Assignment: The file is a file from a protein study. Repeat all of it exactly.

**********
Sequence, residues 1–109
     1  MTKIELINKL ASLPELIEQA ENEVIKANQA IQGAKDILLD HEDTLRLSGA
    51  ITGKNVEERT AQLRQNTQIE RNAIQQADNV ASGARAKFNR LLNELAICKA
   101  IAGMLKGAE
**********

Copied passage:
Sequence, residues 1–109
     1  MTKIELINKL ASLPELIEQA ENEVIKANQA IQGAKDILLD HEDTLRLSGA
    51  ITGKNVEERT AQLRQNTQIE RNAIQQADNV ASGARAKFNR LLNELAICKA
   101  IAGMLKGAE